When deciding to purchase a home electric vehicle (EV) charging station, several questions may come up, and safety should be at the top of the list. Yes, home chargers are safe to install and use to charge your car.
The manufacturers of electric vehicle supply equipment (EVSE) invest heavily in third-party safety testing and provide electric vehicle charging safety guidelines in order to offer safe, home charging solutions you can rely on.
If you’re seeking a safer charging option than using a standard domestic socket, then using a reinforced CEE17-type socket is just that. These heavy-duty outlets are designed to deliver 3.2 kW at 14 A for several hours at a time, daily. However, it is essential to note that you must first fit your outlet with a suitable circuit breaker.
While installing a reinforced outlet is cheaper than purchasing a charging station, it still may not be the most sustainable investment in the long term. Charging with a reinforced socket takes a long time, only slightly less time than on a standard outlet, so if you need to drive often, this could potentially pose some issues.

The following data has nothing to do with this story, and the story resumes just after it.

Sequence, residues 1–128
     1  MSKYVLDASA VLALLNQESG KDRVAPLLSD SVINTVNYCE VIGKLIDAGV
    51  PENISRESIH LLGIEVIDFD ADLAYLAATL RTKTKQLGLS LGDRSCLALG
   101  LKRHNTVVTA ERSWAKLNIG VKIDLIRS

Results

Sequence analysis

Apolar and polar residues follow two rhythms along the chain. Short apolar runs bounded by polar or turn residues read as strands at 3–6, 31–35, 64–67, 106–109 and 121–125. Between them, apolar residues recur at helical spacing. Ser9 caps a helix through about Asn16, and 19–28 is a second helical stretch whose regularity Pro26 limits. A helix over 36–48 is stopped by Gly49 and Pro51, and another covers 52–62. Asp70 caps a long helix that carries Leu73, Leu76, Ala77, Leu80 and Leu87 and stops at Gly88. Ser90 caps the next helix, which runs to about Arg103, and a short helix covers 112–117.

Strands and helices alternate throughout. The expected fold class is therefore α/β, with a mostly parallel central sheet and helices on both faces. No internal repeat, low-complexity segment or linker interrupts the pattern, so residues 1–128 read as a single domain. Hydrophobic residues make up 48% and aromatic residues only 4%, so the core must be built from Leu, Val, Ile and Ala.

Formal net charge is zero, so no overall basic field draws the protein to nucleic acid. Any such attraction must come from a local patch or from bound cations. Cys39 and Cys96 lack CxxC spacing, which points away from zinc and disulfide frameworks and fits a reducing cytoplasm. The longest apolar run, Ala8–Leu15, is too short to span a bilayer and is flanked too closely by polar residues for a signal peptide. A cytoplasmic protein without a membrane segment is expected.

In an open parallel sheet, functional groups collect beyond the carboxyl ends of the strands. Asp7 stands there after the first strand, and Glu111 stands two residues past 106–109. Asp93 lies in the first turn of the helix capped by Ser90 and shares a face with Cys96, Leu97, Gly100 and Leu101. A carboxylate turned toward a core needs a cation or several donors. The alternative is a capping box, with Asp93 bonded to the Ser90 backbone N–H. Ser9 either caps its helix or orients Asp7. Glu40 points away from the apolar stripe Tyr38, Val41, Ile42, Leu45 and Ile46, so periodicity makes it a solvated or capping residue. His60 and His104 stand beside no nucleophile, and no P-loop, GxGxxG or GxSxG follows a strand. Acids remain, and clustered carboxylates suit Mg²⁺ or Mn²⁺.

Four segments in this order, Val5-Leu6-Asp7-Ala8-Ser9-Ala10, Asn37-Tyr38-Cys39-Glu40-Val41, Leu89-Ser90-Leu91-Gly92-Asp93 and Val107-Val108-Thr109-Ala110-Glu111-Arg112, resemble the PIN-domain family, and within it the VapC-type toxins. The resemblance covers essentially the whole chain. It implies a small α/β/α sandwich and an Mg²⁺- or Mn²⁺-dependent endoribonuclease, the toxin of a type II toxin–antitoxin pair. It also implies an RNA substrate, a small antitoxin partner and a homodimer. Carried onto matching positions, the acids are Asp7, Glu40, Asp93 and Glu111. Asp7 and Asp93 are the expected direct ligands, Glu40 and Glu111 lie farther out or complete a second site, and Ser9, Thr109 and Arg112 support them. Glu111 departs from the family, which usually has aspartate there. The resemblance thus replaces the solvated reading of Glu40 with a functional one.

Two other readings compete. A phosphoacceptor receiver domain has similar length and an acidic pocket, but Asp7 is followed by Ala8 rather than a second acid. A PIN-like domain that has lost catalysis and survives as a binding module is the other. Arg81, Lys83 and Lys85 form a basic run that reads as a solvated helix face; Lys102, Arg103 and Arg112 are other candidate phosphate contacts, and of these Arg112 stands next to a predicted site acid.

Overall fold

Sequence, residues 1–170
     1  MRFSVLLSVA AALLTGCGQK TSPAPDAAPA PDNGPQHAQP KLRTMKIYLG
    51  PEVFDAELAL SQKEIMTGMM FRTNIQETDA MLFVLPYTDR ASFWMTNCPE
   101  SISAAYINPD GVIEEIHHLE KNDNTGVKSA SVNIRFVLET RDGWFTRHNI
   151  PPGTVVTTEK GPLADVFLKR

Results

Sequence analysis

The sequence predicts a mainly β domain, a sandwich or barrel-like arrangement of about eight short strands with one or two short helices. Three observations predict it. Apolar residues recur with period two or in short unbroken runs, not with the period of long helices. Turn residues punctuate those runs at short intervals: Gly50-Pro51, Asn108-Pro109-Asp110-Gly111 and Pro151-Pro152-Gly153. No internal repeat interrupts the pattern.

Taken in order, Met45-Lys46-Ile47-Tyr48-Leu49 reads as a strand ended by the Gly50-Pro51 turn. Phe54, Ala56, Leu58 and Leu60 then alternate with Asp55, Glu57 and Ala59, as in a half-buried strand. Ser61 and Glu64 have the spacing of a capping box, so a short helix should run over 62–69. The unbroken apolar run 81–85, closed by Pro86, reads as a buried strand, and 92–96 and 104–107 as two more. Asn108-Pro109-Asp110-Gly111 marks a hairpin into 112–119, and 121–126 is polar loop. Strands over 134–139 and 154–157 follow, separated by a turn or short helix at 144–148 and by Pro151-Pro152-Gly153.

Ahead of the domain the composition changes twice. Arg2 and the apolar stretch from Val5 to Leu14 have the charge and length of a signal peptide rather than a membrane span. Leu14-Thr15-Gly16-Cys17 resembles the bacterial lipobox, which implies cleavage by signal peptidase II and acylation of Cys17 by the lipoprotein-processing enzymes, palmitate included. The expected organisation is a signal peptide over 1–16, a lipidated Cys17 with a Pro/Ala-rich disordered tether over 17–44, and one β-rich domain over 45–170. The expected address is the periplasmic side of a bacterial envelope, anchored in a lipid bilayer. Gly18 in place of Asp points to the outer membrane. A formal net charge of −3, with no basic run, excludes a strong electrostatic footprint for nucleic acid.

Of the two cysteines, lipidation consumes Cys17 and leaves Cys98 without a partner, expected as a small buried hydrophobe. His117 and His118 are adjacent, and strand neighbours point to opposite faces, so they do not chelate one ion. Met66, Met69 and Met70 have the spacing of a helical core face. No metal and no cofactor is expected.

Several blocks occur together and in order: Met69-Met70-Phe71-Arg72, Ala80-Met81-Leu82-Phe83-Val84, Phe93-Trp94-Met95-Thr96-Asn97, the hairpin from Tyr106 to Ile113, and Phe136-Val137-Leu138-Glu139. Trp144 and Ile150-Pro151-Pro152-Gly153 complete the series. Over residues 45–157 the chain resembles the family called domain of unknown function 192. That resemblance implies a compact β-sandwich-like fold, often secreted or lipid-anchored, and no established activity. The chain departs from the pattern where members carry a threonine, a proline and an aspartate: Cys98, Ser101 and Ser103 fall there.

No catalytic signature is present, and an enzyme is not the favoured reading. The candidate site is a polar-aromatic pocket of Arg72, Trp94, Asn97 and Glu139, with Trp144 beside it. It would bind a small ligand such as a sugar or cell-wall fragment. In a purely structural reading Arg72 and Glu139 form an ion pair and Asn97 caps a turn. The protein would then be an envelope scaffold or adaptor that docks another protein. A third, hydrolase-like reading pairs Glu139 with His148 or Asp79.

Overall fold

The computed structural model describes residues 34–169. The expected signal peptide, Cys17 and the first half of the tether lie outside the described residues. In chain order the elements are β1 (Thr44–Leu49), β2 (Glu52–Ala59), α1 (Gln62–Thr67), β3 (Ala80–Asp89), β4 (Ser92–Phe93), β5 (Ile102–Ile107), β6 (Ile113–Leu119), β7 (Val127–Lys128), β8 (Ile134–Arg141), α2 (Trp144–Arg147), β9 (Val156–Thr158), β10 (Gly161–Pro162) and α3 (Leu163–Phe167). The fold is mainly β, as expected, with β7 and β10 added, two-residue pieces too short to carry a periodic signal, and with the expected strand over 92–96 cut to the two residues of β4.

Though home EV chargers are considered very safe, there are some basic criteria to follow in order to minimize safety risks. When charging an EV at home you should use the following guidelines for electric vehicle charging safety:
- Have a dedicated circuit for charging your EV.
- Follow your EV manufacturer’s guidelines for charging.
- Purchase and use an EV charging solution that’s been tested by an accredited third-party company (such as UL).
- Maintain the components of your charging station in accordance with manufacturer guidelines.
- Do not use an EV charger with obvious signs of damage.
When you charge an EV
- Follow the manufacturer's guidelines when charging your vehicle. Check with your local dealer if you need additional information.
- Purchase a charging device that is certified by a nationally recognized testing laboratory.
- Plug Level 1 EV chargers directly into an outlet designed to handle the amperage of the charging device. Never use a multiplug adapter or extension cord.
- Install a residual current device with the charging unit. It will turn off the power if a fault is detected and help prevent a fire.
- Place all charging device components out of reach of children when not in use.
- Maintain the components of your charging station according to the manufacturer’s maintenance guidelines. Signs of excessive wear may indicate a potential shock hazard. Never use an EV charger with obvious signs of damage.
- Cover the EV charging station outlet to stop water from entering. Check the manufacturer's guidelines to make sure it is safe to charge your EV in wet conditions.
i) U.S Fire Administration (2021) Electric Vehicle Home Charging: Tips for Your Community.